Collaborate Foundation is embarking on two major themes of work: a new research survey on The State of Collaboration and further development of the ideas presented in Collaborate CIC’s Collaborative Citizen.
We hope that The State of Collaboration will become a regular survey of how well partners are working together and across sectoral boundaries to focus on citizens’ well being.
A lot of political rhetoric is paid to the notion of collaboration, but what is the real extent of joined-up working? Where is best practice occurring? What can we learn from each other?
Employing the framework for effective collaboration, developed by Collaborate CIC, the Foundation intends to construct a survey of existing practices across the UK to determine the level to which cross-sector collaborations are actually sharing responsibilities for delivery and alignment and accountability for outcomes.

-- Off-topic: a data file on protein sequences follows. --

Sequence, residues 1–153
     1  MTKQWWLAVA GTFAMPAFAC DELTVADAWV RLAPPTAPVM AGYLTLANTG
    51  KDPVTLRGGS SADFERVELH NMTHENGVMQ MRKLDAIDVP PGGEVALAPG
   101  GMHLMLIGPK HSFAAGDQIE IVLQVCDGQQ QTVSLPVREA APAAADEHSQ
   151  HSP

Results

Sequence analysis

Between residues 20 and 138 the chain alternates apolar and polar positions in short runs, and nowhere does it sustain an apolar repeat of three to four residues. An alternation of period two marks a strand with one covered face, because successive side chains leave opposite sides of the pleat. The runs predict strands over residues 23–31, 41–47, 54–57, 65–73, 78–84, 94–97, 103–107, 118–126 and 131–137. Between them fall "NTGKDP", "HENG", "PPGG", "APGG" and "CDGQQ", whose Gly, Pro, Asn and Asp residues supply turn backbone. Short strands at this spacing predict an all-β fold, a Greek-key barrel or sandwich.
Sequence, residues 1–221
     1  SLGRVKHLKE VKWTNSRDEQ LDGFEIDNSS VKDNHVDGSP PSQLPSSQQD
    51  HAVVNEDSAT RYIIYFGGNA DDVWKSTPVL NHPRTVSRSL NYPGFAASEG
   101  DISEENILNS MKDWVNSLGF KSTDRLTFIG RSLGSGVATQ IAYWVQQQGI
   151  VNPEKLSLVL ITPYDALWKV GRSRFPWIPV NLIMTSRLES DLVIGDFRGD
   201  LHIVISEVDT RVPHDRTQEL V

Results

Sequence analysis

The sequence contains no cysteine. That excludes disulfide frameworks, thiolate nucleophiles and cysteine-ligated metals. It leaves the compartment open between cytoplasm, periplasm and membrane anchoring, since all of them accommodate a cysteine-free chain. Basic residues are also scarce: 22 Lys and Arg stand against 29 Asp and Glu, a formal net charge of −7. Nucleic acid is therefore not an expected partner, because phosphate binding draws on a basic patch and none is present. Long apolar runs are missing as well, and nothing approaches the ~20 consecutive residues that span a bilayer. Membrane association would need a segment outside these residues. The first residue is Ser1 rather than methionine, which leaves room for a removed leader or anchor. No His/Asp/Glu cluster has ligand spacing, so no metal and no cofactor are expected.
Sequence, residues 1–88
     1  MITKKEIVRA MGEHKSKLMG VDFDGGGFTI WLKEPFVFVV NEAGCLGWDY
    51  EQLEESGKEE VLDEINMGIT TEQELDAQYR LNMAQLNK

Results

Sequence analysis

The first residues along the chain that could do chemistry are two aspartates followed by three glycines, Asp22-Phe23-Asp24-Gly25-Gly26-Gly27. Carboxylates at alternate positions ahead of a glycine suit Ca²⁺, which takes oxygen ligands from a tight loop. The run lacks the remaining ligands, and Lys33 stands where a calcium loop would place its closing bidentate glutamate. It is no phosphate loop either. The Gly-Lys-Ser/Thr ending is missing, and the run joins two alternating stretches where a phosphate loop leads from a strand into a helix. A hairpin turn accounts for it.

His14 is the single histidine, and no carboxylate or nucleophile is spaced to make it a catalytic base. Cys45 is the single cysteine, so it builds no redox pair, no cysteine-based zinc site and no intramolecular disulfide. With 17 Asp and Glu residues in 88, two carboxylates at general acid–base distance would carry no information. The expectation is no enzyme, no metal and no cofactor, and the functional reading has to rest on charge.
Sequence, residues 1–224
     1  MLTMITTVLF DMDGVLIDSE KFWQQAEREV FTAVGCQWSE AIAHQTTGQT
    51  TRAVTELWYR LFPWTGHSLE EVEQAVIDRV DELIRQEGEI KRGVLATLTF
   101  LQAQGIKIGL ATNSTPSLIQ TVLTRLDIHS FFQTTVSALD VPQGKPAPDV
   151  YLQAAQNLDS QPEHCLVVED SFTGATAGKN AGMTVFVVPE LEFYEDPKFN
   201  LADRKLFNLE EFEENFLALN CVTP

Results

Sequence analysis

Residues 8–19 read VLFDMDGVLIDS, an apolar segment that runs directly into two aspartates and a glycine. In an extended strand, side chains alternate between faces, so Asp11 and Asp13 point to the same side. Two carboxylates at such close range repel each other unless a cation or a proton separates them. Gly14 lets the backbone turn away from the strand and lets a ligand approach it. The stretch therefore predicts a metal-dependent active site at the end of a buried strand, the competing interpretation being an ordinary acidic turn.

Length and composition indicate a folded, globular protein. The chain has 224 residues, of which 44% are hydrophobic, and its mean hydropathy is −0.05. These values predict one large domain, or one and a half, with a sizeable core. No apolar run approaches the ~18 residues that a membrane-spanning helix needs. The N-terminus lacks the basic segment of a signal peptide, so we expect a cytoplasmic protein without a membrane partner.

Our hope is that by identifying where and how successful public service collaboration is being achieved, we can encourage and support others in tackling the challenges and making progress in their own communities.
A key challenge everywhere, of course, is engaging citizens as co-producers.
Citizens are the greatest untapped asset in the production of community well-being. Yet, agencies that deliver public services rarely engage citizens – strategically, operationally or financially – as contributors to social outcomes for which the agencies are held accountable and which the citizens actually enjoy. Too often, citizens are treated as merely objects of policy and recipients of services, rather than as active participants in the changes that will directly affects their lives.
Providers of services to the public must work to develop the contribution of citizens with whom they can collaborate – by educating, supporting and including them in more informed discourse and in co-production of outcome improvement. Collaborate Foundation hopes to work with service providers, political leaders and citizens to explore new ways to help make that happen.